Monday, September 8, 2014

Modern Print Monday: Lida and Zika Ascher

Art Square by Ben Nicholson for Ascher London Ltd.

Lida and Zika Ascher

Lida Tydlitat Ascher (d. 1983) and Zikmund (Zika) George Ascher (1910-1992) 

Ascher Ltd. (London)  was an important British fabric company
during World War II and in the post-War years

 Princess Diana in an Ascher silk-screened
print in the 1980s. The Victoria and Albert Museum
has the actual shirt in their collection.

Silk screening is a form of stencil printing in which dye and mordants
are forced through a masked screen. Here an Ascher employee or perhaps Zika himself
is using a large squeegee to press the chemicals onto the fabric, hand printing
the design.

Ascher Art Square, scarf by Robert Colquhoun 

Silk screening (done by machines rather than by hand) is the major technique used in printing fabric
today.At Moda my screened reproduction prints tend to imitate old-fashioned cylinder printing, but the mid-
century look of an Ascher art square embraces the look of silk screen technology.

Family Group by Henry Moore
Sculptor Henry Moore enjoyed a production relationship with Ascher Ltd.
See a post I wrote on his fabric here:

Lida Ascher with a repeat print.
She was one of the firm's designers.

The Aschers were Czech, married in 1939. While they honeymooned in Norway Hitler invaded their homeland. They sought refuge in London, where they opened a textile business, adapting fabric design to war-time austerity, printing without traditional metal technology on rayon and other new fibers.

They commissioned artists famous in other mediums to design Ascher Art Squares, rayon scarves. Above,
a scarf by Jean Cocteau is featured on the cover of a 1988 catalog from the Victoria & Albert by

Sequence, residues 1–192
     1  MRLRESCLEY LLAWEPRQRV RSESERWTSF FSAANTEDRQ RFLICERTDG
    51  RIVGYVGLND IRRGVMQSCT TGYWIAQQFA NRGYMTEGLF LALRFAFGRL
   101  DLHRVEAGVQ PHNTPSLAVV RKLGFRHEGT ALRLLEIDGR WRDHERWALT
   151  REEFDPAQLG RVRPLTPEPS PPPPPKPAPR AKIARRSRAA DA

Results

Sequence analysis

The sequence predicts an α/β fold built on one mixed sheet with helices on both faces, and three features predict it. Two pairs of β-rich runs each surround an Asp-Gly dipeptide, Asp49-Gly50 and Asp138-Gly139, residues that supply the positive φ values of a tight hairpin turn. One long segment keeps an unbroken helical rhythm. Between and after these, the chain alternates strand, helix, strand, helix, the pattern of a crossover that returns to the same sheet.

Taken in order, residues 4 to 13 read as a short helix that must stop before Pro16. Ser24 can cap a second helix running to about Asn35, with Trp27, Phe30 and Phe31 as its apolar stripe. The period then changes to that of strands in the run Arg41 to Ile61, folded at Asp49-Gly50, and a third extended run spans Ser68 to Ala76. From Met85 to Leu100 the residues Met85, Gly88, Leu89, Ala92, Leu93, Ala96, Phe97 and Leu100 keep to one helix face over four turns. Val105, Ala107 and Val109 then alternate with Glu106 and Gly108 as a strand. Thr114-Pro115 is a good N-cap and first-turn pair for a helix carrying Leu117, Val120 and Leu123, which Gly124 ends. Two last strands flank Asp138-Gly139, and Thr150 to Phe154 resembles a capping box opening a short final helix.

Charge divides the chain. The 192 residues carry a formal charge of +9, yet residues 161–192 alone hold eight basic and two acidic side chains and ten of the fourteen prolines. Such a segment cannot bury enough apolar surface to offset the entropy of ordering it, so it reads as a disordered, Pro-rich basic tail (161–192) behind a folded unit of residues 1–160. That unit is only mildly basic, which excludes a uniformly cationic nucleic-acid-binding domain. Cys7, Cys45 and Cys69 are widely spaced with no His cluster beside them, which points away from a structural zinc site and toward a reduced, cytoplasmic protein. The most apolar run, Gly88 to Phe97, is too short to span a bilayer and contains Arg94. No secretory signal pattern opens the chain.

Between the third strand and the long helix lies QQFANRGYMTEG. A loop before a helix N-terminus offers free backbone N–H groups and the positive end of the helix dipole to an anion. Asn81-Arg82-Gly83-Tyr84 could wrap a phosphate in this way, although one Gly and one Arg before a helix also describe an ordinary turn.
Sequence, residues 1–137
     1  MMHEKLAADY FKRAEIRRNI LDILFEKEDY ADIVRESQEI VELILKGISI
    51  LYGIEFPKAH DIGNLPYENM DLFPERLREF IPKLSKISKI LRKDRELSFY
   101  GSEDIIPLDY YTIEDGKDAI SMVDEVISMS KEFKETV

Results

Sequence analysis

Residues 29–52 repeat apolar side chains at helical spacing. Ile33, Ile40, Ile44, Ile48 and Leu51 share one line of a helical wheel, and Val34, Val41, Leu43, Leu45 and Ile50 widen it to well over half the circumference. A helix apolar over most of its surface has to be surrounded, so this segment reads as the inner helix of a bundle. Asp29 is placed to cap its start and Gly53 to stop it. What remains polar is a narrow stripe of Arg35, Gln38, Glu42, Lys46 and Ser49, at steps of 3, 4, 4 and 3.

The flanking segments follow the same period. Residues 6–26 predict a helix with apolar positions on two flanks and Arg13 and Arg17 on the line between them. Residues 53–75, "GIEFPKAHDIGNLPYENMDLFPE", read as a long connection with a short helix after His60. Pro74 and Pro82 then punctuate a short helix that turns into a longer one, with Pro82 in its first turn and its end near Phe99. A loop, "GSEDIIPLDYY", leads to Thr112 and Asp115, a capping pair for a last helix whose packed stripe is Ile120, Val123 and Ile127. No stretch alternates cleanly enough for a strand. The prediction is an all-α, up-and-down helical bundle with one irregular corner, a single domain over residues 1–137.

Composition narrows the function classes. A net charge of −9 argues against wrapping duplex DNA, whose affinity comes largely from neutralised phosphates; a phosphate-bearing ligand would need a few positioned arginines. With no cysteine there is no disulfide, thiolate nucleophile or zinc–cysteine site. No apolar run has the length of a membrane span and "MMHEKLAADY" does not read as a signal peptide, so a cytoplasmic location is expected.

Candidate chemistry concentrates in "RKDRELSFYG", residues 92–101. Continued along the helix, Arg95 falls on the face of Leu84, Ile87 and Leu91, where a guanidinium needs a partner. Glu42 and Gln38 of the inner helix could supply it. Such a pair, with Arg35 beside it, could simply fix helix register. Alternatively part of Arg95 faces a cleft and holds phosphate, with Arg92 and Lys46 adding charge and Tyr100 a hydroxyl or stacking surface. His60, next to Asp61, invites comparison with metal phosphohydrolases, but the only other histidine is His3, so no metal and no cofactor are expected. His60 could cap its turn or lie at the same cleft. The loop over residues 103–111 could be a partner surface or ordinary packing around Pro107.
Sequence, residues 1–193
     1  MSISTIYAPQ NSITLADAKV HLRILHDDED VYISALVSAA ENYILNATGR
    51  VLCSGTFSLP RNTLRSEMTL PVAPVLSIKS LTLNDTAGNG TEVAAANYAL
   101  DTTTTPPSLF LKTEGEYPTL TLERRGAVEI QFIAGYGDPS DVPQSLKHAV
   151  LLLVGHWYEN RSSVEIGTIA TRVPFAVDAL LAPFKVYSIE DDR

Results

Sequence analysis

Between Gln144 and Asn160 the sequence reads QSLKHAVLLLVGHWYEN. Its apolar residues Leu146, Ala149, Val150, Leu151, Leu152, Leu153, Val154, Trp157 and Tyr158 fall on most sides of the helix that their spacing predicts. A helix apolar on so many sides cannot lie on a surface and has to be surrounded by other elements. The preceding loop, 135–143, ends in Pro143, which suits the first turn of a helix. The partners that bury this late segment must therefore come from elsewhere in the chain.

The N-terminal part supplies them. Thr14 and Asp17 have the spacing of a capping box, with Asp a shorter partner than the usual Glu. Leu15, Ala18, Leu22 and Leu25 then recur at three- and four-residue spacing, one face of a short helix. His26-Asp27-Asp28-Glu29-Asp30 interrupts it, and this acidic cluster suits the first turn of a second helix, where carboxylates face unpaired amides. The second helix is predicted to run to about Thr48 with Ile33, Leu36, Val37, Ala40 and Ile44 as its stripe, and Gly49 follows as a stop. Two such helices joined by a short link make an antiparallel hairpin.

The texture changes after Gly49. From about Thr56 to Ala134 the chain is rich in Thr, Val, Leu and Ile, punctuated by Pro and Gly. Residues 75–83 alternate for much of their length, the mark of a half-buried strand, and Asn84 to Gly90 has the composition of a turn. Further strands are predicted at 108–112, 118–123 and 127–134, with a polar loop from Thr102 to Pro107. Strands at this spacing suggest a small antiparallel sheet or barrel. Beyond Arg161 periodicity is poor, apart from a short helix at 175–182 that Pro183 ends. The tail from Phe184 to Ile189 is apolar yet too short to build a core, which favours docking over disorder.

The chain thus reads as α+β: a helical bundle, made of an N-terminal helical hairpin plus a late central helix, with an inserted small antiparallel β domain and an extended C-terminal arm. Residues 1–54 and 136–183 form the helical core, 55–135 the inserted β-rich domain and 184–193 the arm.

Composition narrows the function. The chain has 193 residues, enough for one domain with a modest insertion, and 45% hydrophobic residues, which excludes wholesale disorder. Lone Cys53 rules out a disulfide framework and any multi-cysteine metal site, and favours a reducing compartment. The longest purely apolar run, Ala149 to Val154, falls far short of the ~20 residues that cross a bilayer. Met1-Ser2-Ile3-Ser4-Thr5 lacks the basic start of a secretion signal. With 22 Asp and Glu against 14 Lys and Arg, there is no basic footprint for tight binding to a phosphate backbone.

Valerie D. Mendes.

Art square by Jean Hugo. Designed in 1947. Printed
about 1960.

Zika's obituary noted that critic Sacheverell Sitwell described the Aschers' work as "a revolution in industrial design", while others characterized them as "weird distortions . . . fit only to be worshipped by art devotees".

 Picture of wartime London by Feliks Topolski, wool, dated 1944

These Art Squares in rayon, wool or post-War silks
are quite collectible. They are usually signed by the designer
and the company.

Jill Wiltse and H. Kirk Brown III have an impressive collection of scarves from the 1940s and '50s. They recently showed many in a Denver exhibit The Printed Square: International Fashion Scarves Dressing Up a War.

The Aschers grandson Sam Ascher has re-introduced a few scarf designs such as Landscape Sculpture by Barbara Hepworth.

Another recent re-issue is this rectangular scarf of a 1946 repeat print by Gerald Wilde called On the Wilde Side,. See a picture of Princess Elizabeth wearing a dress of the print in this post:


  1. Thanks so much for these posts. I get my art history lessons here!

    1. So do I. I see something interesting then I have to read about it.